And so when I heard all this wafting sound on my shitty little boombox speakers last night, it crept into all the nooks and corners of my apartment and somehow inhabited them. It tied the room together. When I listen to this album on headphones, which I’m doing right now, it’s a lot easier to just tune out, to passively absorb these sounds without feeling. But the album has a lot more weight when it’s given some sort of physical presence. My original plan for this entry was to compare Full Bloom to Panda Bear’s Person Pitch, another vaguely dance-informed introverted freeform new-age meditation from someone who’s kicked around the same New York noise-scene circles as Bharoocha. That comparison wouldn’t really work, though. Panda Bear lives in Portugal these days, and he’s married with a kid, and so Person Pitch feels like a reflection on internal piece more than a fantasy of it. Everyone else seems to love Person Pitch to pieces, but I can’t really find my way into it. Part of that is based on simple aesthetic preferences, I’d rather hear Bharoocha’s buried-in-the-mix wail than Panda Bear’s mutated Brian Wilson helium self-harmonies. But I think part of it is circumstantial, too, and this sort of diffuse open-heartedness makes more sense when it’s informed by actual urban life than by simply the memory of it.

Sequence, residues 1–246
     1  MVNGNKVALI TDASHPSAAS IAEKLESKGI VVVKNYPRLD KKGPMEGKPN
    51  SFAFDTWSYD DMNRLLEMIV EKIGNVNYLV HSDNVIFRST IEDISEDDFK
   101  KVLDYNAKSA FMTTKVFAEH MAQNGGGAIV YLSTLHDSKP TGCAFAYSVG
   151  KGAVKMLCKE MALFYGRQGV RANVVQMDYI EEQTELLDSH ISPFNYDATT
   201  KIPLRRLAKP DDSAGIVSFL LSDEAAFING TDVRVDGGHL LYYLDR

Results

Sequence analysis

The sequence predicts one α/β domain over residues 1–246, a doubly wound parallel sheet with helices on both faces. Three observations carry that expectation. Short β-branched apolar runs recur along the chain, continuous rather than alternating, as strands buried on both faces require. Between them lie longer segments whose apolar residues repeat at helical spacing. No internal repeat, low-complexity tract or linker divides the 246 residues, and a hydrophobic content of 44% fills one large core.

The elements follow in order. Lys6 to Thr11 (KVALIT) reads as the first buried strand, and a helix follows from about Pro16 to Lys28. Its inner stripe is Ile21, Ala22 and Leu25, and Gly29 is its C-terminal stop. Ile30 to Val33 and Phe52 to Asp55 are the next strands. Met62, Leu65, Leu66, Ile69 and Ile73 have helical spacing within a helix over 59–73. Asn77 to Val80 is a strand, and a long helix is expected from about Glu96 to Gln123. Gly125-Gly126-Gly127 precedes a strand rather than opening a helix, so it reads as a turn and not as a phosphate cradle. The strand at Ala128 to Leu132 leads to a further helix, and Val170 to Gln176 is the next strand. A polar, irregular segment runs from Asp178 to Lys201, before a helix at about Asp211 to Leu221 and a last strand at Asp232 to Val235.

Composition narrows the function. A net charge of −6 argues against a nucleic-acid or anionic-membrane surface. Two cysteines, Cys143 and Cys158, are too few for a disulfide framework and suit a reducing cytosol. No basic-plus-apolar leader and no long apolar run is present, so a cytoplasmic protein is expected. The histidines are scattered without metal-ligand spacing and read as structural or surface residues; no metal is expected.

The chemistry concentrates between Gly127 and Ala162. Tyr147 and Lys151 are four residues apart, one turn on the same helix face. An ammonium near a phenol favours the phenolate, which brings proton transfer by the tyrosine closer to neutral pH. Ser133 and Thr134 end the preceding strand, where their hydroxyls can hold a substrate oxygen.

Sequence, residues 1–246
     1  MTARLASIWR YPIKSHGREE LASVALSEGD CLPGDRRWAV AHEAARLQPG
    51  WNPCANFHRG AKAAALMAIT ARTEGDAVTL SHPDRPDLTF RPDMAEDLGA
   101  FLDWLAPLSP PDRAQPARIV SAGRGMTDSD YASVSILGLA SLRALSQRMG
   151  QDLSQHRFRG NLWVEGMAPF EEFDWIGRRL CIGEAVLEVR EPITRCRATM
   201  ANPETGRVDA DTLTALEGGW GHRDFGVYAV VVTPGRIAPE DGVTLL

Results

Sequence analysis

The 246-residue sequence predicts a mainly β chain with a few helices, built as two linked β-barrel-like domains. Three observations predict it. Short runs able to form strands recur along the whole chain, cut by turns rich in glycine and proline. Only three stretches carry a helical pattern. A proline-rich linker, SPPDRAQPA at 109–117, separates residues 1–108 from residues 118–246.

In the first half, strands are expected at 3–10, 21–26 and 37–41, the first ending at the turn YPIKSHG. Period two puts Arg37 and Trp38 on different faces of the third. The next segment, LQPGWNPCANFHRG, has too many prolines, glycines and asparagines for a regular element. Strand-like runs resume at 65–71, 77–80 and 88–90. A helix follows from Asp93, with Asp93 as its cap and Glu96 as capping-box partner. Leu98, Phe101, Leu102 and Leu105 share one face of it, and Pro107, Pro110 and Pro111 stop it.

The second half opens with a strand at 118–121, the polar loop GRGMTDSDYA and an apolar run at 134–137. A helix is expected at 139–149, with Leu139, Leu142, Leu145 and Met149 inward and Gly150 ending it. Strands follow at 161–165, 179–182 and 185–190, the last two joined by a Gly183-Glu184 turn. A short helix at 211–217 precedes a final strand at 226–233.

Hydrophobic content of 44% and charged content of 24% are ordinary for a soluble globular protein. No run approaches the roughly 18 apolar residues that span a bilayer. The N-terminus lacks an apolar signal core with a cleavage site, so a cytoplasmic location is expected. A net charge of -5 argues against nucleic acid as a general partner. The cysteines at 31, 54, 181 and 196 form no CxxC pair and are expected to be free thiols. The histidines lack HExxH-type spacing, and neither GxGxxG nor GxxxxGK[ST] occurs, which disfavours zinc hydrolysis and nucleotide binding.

This article from the Village Voice Archive was posted on May 1, 2007